Academic coaching benefits students by enabling them to achieve their full potential through the teaching of revision, study and exam techniques, that work to their strengths and learning styles. These can then be put into practice to make for effective revision and optimising outcomes in exams.
John Dunlosky, a professor of psychology and expert on self-regulated learning writes that, “teaching students how to learn is as important as teaching them content, because acquiring both the right learning strategies and background knowledge is important – if not essential – for promoting lifelong learning.”
How academic lockdown benefits students depends on their individual needs. Lockdown affected students differently. Not all students suffered as a result of it. Some students thrived during lockdown. This is because they responded well to the work that was set in remote learning. Lockdown work consisted mainly of powerpoints, reading and lots of screen work. You had to be able to remain focused for large chunks of time and be self motivated and disciplined. Some students blossomed because they didn’t have any distractions: no discipline issues, no peer group and no pecking order in the class, telling or reminding them of what they can or cannot do.
However, other students found lockdown incredibly difficult. Often these are students who thrive on interaction, either with their peers or with their teachers. They like to discuss their work, ask questions, seek explanations and reassurance. Unless you were very fortunate, homeschooling didn’t provide much opportunity for interaction. The constant diet of powerpoints, video explainers, passages to read, and self teaching and regulation often resulted in loss of motivation and self doubt.
Students have returned to school with varying degrees of confidence in their own ability. They have also returned to tests and exams and in many cases lots of them as the schools feel a need to get some evidence of where the students are at. Students also want to know where they are, because they want to know where all that home learning has left them.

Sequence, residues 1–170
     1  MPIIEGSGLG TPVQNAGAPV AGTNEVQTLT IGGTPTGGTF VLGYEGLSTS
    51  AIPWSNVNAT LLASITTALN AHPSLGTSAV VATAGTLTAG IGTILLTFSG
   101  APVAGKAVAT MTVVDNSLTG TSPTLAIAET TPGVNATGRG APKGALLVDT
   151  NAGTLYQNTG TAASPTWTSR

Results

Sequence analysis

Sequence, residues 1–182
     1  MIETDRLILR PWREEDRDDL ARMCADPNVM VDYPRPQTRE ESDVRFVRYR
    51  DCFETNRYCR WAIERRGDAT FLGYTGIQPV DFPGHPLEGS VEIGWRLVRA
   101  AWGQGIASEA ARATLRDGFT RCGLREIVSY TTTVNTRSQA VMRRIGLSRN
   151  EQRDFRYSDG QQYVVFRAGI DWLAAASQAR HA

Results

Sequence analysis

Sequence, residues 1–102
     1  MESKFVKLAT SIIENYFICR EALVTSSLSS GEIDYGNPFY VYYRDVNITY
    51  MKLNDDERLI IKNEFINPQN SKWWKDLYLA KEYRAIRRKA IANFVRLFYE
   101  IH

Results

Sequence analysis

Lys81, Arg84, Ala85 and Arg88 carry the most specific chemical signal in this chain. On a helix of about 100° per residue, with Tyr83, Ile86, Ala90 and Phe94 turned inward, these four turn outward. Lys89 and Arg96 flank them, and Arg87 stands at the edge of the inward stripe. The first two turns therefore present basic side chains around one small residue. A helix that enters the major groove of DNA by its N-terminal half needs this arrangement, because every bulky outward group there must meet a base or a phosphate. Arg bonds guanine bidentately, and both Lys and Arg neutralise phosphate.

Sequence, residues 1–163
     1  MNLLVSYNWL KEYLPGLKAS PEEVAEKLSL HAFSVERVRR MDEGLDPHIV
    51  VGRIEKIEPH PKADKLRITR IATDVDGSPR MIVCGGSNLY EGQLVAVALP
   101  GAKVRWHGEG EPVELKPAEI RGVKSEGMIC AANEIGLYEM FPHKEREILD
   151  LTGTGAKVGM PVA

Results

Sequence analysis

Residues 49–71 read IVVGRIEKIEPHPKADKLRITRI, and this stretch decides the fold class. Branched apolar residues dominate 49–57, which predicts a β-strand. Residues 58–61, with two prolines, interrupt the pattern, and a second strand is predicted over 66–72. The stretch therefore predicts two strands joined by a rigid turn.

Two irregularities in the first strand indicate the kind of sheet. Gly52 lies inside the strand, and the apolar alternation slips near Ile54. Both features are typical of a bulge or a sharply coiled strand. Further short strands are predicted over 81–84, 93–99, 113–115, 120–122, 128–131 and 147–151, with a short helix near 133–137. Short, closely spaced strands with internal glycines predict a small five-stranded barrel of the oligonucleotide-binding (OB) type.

How academic coaching benefits students.
Academic coaching covers:
Organisational skills – the key to keeping on top of the work and not the other way round. These include time management, organising of notes, prioritising tasks, working to deadlines, making an effective and focused timetable.
Study techniques – exploring different study techniques and finding techniques that work for you.
Recall techniques – whether it’s key words, formulae, equations, dates or quotes, GCSEs and A levels require you to commit to memory a lot of information. How each of us remember is different and it is finding a method that suits you.
Subject requirements – each subject requires different skills and knowledge in order to achieve success.
Exam techniques that will help you approach exams more confidently and calmly.
Coping with pressure – the GCSE and A level years are highly are very stressful for young people in the most normal of years but this has multiplied manifold this year. Academic coaching teaches coping strategies to help build confidence and put fears to the side.
Whether GCSEs or A level exams go ahead this year, there will be some kind of moderated evidence and formal assessment. This is why schools are setting mock exams, and in some cases more than one set, as a means of collating evidence. Academic coaching helps prepare students for upcoming exams, whether they are mock exams or the real thing and will help them to keep on top of their study.
At www.studentnavigator.co.uk we provide academic coaching to teach study skills and help prepare for exams. We also provide academic mentoring to support students throughout their GCSE or A level years. Please contact us today see how we can assist you.